Identity Crisis

Looking back over my 22 years on earth, I see a lot of different things that I have done.  I also see the different people that I have been along the way.  Maybe that doesn’t make sense to you.  Let me explain…

Throughout my life, if you asked me to describe myself, my answers would be different based on what I was into in that moment, or who I was trying to be.  I remember in elementary school, I thought I was THE smartest kid in the whole school.  So, in order to prove my intellectual superiority, I entered into the 3rd grade spelling bee.  I studied a little, my mom quizzed me and whatnot, so I felt very confident going in.  Obviously, I was a little nervous, there was going to be a lot of people there.

*I take the stage behind the podium for the first word.*

“Michael, your word is museum.”

“Ok… m-u-s-u-e-m.”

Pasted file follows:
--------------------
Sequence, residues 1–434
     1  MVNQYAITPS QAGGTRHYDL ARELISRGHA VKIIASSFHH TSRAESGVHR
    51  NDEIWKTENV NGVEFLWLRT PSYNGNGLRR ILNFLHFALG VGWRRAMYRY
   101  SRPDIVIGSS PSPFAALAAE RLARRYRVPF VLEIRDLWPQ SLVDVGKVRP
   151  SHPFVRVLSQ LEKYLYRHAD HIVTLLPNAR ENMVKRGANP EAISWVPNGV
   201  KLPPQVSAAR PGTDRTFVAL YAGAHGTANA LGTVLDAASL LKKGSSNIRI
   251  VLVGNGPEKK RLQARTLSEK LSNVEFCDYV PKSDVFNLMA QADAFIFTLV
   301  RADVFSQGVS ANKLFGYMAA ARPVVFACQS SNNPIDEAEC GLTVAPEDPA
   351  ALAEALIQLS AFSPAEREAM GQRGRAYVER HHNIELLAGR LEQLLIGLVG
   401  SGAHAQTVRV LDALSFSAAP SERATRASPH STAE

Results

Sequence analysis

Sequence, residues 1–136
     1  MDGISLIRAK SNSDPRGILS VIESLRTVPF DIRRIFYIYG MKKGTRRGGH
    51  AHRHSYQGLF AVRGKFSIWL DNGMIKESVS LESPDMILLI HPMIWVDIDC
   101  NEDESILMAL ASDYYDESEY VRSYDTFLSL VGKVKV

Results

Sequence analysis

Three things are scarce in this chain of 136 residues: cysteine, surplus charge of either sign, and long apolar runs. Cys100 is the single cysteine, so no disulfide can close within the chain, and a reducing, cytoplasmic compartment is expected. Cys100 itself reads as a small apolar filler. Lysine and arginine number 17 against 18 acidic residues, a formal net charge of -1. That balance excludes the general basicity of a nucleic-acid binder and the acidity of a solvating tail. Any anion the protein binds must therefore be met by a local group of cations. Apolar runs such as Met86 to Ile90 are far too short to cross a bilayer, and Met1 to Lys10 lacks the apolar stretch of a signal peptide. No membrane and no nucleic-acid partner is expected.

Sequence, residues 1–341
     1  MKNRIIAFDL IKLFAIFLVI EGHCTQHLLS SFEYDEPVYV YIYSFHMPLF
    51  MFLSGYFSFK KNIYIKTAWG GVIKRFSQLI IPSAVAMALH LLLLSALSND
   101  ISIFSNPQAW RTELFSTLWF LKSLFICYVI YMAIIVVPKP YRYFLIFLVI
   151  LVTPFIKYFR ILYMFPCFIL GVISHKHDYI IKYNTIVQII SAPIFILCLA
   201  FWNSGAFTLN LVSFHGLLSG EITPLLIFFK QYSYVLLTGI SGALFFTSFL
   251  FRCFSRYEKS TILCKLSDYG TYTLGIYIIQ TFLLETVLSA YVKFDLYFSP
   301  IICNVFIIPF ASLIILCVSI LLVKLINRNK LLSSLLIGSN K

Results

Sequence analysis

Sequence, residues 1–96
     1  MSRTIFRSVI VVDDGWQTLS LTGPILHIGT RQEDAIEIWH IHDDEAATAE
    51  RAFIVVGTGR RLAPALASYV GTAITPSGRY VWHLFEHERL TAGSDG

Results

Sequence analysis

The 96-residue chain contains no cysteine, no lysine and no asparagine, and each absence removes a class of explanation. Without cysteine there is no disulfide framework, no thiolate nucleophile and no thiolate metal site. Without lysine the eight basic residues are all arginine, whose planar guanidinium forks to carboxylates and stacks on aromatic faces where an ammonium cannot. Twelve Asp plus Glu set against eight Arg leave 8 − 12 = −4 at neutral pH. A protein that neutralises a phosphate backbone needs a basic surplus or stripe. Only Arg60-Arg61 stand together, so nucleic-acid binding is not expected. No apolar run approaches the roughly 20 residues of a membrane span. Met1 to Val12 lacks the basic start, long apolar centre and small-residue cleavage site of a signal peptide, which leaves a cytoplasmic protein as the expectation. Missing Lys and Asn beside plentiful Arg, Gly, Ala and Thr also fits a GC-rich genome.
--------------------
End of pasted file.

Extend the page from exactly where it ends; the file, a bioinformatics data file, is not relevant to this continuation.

“That’s incorrect.  The correct spelling is m-u-s-e-u-m.”

*I start crying as I walk to my mom.*

Well, that was disappointing.  Later one of my teachers said, I bet you’ll never forget how to spell that word, will you?  She was right, I didn’t.  Why do teachers have to be right all of the time?  They’re like moms, moms are always right.

So I was determined to take my rightful place among the top spellers in the land.  I entered into the 4th grade spelling bee.  I studied exponentially more.  My mom quizzed me a whole bunch.  I was ready.  I felt like Rocky Balboa before his fight with Ivan Drago (Rocky IV).  I glided through the first several rounds with ease.  This was my year, I just new it.  And it was down to me and my arch nemesis, Bianca.  This wasn’t the first time we had squared off, she was also impressive when it came to multiplication tables.

*I step to the podium*

“Michael, your word is collage.”

“uhh… (palms are sweaty, knees weak, arms heavy) c-o-l-a-u-g-e.”

“That is incorrect.  The correct spelling is c-o-l-l-a-g-e.”